The May 2011


Yohji Yamamoto is tired. The designer is in the final stages of casting his Spring 2010 Y-3 collection, having arrived in New York City from Tokyo the night before. Sitting on a couch in a fitting room, illuminated by a bank of windows at his back, he is nevertheless inspired. He bends over a guitar and sings a song that has just come to him: The Jetlag Blues.

We have director Theodore Stanley to thank for making Yamamoto’s spontaneous blues jam public. The scene is part of Stanley’s new thirty-minute documentary, Yohji Yamamoto: This Is My Dream, which follows Yamamoto and his team during the summer and early fall of 2009.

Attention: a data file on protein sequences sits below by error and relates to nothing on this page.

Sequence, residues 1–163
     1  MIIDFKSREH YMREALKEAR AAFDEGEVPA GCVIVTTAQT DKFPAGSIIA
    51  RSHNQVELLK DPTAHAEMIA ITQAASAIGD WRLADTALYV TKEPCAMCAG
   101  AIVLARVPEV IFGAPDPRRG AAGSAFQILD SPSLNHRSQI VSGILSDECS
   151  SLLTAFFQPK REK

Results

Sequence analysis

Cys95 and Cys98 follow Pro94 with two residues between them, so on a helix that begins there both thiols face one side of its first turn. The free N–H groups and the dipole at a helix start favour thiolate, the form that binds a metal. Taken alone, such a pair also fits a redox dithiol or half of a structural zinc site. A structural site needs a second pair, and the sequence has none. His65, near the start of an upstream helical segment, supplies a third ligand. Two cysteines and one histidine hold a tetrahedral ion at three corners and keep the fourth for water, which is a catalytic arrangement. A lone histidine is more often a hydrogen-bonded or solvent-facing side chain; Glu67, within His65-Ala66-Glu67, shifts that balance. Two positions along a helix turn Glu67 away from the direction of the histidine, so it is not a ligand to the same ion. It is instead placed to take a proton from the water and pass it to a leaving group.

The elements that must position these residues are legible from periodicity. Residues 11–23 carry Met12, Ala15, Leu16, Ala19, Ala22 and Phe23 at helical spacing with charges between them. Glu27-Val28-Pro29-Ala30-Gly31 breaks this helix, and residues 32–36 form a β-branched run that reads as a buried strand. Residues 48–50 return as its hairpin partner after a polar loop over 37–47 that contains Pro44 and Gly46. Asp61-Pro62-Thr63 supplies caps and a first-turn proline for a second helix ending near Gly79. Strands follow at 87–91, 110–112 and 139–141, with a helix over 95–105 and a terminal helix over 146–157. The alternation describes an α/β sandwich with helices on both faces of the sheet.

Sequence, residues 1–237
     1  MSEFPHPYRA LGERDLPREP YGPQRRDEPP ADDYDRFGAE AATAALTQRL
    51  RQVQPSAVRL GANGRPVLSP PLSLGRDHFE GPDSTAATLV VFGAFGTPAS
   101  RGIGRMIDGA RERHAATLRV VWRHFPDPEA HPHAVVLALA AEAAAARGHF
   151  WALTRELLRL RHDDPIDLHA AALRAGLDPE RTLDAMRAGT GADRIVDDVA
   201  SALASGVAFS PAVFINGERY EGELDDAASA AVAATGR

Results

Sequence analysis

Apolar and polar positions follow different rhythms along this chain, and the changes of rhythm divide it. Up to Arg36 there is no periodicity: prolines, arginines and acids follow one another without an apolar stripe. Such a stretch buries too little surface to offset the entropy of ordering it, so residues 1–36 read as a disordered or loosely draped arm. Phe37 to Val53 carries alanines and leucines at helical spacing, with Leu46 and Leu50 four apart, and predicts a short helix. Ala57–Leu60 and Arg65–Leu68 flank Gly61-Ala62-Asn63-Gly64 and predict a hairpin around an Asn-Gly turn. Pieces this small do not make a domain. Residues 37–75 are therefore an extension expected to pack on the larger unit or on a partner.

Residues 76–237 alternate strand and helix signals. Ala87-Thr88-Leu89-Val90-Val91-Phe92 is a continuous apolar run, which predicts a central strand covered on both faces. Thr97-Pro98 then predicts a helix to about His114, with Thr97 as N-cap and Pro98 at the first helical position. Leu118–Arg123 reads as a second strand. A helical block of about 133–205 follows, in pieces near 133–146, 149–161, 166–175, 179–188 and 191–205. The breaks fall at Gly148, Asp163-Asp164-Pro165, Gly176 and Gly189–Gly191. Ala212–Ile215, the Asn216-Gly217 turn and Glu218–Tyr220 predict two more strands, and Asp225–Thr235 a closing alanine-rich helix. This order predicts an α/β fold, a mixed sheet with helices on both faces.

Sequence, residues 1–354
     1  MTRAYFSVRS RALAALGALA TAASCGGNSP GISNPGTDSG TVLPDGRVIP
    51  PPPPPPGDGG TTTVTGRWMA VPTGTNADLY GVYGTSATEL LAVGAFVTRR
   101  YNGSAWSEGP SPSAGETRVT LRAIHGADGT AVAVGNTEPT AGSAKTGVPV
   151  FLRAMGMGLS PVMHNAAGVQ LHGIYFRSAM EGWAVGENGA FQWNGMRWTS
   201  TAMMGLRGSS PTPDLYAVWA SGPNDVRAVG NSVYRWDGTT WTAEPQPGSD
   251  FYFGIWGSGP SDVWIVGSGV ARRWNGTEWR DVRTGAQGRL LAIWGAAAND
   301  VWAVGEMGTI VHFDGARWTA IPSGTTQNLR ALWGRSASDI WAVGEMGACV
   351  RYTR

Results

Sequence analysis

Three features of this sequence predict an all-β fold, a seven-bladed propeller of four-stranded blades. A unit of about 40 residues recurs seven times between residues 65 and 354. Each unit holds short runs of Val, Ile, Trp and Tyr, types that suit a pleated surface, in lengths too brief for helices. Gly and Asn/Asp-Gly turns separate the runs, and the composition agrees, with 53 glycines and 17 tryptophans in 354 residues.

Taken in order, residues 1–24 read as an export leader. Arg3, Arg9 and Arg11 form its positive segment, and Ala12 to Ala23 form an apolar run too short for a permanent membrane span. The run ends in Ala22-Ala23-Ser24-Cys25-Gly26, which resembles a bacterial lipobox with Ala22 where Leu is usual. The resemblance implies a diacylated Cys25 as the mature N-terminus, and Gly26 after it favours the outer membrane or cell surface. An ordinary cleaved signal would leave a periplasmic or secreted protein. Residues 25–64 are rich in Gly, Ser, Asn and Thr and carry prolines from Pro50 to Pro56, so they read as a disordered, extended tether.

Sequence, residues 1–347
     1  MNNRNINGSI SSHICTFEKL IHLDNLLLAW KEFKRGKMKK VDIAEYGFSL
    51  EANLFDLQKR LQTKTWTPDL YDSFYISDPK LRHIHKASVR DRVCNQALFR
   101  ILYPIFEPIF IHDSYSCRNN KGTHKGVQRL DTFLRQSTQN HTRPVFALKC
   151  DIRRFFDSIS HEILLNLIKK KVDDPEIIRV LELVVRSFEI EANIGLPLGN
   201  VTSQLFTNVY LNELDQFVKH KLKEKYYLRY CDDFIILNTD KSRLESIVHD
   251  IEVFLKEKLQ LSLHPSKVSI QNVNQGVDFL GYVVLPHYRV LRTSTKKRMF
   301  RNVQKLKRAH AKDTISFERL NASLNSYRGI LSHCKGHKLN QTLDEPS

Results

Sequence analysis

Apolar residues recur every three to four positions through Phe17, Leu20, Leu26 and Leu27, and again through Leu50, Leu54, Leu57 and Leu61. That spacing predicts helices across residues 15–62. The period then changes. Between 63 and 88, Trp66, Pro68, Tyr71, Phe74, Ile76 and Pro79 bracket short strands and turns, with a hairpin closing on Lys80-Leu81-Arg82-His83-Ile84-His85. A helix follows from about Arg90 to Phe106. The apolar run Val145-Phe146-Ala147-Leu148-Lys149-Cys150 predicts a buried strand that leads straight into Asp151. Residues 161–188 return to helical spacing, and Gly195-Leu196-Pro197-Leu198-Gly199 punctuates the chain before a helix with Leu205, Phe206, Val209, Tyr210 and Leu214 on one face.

It should come as no surprise that Yamamoto, a constant innovator who has spent over thirty years at the vanguard of his industry, would find a creative way to express even extreme exhaustion. In Stanley’s quiet film, the dominant voice is Yamamoto’s own. Not that the designer speaks much on the job; he and his team operate through mute intuition. “Everyone stands against the outside wall in total silence,” Stanley says, describing Yamamoto’s studio. “As soon as he says a word, in a flash, people are—from every wall—stepping in. There are multiple hands moving in…Immediately, as soon as he’s stepping back, everyone’s gone, out of his sight, and he’s looking with purity at what he’s working on.”